Mechanical ventilation in pediatric intensive care units during the season for acute lower respiratory infection: A multicenter study*

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Abstract

Objective:

To describe the characteristics and outcomes of mechanical ventilation in pediatric intensive care units during the season of acute lower respiratory infections.

Design:

Prospective cohort of infants and children receiving mechanical ventilation for at least 12 hrs.

Setting:

Sixty medical-surgical pediatric intensive care units.

Patients:

All consecutive patients admitted to participating pediatric intensive care units during a 28-day period.

Measurements and Main Results:

Of 2,156 patients admitted to pediatric intensive care units, 1185 (55%) received mechanical ventilation for a median of 5 days (interquartile range 2–8). Median age was 7 months (interquartile range 2–25). Main indications for mechanical ventilation were acute respiratory failure in 78% of the patients, altered mental status in 15%, and acute on chronic pulmonary disease in 6%. Median length of stay in the pediatric intensive care units was 10 days (interquartile range 6–18). Overall mortality rate in pediatric intensive care units was 13% (95% confidence interval: 11–15) for the entire population, and 39% (95% confidence interval: 23 – 58) in patients with acute respiratory distress syndrome. Of 1150 attempts at liberation from mechanical ventilation, 62% (95% confidence interval: 60–65) used the spontaneous breathing trial, and 37% (95% confidence interval: 35–40) used gradual reduction of ventilatory support. Noninvasive mechanical ventilation was used initially in 173 patients (15%, 95% confidence interval: 13–17).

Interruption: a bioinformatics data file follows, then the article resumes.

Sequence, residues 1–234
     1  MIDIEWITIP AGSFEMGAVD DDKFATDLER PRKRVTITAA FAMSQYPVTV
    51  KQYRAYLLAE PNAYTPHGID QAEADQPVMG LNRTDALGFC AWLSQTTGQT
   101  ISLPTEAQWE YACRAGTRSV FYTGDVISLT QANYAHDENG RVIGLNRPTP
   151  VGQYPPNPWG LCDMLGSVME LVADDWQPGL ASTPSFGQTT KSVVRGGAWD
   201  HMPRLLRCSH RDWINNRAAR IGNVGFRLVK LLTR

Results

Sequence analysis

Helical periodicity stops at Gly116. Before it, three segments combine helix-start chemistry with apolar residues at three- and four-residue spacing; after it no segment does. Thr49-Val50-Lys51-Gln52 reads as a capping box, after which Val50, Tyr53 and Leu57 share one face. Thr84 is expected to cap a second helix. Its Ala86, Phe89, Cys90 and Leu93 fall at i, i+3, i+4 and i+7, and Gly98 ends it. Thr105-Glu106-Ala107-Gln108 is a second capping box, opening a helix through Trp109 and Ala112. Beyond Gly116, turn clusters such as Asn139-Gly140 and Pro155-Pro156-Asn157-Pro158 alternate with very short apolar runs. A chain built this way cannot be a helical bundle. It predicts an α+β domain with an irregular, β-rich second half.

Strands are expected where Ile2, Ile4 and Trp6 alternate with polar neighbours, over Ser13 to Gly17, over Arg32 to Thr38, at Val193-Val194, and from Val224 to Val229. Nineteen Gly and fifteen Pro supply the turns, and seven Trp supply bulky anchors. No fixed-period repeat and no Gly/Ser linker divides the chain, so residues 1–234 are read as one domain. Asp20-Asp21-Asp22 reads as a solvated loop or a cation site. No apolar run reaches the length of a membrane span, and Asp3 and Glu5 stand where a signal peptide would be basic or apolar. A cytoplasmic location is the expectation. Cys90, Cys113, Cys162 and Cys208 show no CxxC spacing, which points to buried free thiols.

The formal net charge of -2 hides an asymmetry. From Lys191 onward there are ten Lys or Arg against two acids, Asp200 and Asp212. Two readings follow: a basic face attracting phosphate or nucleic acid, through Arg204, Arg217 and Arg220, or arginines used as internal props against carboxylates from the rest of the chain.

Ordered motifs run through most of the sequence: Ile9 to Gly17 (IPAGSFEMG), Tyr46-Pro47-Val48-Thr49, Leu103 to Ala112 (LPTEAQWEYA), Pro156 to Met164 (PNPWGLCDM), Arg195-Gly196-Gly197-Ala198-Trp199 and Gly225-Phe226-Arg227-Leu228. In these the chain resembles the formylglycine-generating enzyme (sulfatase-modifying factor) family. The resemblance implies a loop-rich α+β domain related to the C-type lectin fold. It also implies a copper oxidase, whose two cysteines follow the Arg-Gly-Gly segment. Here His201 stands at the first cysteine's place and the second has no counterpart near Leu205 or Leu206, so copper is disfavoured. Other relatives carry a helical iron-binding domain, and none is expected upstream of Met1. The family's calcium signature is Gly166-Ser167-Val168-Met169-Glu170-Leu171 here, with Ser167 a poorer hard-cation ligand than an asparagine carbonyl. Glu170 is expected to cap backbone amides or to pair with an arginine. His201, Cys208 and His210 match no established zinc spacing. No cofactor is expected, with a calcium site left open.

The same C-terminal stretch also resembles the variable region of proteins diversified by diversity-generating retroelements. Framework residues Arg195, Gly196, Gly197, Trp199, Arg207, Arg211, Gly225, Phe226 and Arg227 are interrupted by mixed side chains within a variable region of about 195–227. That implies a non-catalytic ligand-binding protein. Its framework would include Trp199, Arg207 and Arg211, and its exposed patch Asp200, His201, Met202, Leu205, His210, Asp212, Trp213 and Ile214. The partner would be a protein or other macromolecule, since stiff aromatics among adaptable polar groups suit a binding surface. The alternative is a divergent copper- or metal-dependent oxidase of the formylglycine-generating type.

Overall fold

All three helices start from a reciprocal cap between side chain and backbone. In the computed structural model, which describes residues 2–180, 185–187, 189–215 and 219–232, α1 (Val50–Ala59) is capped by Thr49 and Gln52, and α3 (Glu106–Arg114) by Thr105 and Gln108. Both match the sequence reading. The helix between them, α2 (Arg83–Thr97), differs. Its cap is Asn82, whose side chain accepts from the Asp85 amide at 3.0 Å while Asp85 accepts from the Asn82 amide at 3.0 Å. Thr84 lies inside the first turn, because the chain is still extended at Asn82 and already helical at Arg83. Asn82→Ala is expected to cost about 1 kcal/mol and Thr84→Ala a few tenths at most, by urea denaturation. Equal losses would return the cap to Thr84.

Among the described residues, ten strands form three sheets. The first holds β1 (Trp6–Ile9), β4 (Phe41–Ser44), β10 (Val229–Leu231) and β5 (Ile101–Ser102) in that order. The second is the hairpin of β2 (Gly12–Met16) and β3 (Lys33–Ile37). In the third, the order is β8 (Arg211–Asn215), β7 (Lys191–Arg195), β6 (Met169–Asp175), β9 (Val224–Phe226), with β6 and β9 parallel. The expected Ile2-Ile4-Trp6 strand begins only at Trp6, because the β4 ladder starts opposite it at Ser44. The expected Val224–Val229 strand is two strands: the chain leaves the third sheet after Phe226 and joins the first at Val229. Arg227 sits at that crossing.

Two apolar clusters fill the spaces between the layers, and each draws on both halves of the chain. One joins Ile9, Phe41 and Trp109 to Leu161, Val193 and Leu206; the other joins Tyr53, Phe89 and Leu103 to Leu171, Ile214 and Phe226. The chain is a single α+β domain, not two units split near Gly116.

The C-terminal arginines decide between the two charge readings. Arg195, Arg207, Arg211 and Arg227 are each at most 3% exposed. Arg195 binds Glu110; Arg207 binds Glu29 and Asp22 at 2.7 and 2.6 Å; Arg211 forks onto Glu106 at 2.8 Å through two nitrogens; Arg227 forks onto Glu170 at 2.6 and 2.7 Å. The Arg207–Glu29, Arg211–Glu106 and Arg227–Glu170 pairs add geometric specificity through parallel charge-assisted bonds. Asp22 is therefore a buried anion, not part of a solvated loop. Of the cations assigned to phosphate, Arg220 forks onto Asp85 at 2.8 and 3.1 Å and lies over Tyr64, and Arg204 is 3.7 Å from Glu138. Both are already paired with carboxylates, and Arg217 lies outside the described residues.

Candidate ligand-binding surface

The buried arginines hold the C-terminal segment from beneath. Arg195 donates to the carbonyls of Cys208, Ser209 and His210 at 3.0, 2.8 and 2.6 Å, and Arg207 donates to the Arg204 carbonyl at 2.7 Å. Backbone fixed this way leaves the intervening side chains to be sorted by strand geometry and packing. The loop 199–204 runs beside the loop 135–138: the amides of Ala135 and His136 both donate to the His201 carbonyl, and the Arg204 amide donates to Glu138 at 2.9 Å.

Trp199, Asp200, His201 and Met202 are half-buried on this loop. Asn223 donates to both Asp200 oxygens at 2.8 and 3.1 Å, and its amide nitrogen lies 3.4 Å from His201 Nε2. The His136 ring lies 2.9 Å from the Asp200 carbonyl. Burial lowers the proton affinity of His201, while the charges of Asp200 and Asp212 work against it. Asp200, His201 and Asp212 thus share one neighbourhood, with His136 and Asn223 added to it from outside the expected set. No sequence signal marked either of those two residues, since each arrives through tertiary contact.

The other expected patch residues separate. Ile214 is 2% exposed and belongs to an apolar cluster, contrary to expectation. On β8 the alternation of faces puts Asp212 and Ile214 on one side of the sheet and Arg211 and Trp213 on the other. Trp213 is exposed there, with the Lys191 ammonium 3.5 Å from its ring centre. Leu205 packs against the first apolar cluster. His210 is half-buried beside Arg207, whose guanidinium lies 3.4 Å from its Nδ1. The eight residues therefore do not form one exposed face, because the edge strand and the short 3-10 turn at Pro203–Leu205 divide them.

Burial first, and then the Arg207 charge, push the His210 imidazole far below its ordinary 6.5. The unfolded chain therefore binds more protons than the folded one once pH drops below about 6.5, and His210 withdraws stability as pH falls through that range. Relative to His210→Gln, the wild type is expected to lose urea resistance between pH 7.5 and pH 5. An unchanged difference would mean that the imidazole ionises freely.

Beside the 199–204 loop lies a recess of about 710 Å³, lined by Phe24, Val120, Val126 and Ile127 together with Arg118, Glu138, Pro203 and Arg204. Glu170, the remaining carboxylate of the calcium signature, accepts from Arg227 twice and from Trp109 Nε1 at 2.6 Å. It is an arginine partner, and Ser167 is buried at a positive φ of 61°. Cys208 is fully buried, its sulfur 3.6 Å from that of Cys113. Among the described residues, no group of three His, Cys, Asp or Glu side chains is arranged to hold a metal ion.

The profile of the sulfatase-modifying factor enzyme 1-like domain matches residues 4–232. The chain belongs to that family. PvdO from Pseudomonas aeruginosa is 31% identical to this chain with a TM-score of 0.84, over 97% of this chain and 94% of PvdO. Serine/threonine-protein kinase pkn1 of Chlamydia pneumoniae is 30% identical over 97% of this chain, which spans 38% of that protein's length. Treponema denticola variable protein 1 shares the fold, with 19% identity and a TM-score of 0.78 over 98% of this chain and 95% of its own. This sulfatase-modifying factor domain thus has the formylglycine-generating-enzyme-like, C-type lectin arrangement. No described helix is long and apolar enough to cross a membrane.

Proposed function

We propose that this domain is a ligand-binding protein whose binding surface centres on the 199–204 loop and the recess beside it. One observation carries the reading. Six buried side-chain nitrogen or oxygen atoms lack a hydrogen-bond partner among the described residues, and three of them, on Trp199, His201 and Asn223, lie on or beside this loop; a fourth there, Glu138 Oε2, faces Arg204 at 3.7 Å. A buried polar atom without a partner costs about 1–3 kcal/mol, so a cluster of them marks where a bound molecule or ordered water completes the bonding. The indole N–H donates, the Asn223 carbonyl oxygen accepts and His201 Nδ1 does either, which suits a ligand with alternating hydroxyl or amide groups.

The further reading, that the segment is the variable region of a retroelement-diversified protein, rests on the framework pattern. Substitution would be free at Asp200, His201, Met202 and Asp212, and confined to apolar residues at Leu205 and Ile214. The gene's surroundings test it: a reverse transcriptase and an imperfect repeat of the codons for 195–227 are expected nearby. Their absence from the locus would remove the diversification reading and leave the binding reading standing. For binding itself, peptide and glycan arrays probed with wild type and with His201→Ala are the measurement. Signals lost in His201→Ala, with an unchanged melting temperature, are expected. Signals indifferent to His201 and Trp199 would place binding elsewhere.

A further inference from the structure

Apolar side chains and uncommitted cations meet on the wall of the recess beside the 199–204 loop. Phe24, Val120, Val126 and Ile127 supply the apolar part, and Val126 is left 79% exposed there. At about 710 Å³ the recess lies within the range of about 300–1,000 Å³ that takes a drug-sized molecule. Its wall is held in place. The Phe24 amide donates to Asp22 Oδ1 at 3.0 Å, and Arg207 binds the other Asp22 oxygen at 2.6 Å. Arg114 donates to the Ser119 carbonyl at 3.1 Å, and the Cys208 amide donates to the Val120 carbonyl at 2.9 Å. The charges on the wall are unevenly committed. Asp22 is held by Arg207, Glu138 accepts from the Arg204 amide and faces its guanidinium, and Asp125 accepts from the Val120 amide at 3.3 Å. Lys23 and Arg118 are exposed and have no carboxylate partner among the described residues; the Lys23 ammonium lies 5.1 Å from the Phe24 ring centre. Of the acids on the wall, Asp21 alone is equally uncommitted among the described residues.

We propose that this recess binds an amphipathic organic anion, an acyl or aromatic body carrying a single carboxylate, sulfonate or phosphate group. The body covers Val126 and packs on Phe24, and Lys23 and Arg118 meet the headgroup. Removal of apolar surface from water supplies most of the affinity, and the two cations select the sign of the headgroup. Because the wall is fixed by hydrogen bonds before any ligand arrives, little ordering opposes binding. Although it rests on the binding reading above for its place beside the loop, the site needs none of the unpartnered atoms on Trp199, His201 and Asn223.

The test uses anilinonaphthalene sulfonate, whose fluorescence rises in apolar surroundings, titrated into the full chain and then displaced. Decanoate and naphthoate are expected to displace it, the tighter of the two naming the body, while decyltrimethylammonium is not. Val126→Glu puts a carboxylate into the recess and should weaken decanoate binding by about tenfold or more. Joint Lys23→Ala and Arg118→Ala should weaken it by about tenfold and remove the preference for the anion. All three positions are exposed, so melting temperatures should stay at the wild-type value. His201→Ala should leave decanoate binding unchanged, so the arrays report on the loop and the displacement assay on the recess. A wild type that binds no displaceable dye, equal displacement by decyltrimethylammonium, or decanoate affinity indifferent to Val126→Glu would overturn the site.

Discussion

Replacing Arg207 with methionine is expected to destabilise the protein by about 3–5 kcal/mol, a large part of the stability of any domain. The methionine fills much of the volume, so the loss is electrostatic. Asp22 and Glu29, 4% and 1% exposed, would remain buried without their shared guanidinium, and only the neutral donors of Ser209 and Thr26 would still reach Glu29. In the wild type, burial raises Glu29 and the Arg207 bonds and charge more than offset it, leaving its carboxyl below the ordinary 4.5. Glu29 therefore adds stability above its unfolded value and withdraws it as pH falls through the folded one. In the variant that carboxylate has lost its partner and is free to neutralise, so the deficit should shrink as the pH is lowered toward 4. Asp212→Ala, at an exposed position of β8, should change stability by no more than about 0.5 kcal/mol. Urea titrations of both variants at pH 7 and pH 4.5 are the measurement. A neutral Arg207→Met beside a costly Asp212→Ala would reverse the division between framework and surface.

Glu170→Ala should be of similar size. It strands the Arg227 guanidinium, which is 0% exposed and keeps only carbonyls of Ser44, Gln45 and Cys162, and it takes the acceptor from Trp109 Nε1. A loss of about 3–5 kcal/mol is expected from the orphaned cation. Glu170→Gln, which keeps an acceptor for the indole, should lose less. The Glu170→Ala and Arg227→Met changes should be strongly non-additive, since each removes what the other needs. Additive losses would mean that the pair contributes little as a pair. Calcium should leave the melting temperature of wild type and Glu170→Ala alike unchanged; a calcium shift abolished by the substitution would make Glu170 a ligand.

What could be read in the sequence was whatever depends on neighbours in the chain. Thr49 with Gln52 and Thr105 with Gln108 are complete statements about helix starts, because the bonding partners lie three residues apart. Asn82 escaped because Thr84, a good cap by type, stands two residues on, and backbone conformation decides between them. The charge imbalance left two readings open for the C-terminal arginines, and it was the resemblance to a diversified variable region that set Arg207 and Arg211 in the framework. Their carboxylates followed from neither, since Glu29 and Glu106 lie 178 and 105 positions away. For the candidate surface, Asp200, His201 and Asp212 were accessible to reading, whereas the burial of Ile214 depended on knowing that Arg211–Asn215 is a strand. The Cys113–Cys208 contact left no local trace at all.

Conclusion:

In the season of acute lower respiratory infections, one of every two children admitted to pediatric intensive care units requires mechanical ventilation. Acute respiratory failure was the most common reason for mechanical ventilation. The spontaneous breathing trial was the most commonly used method for liberation from mechanical ventilation.

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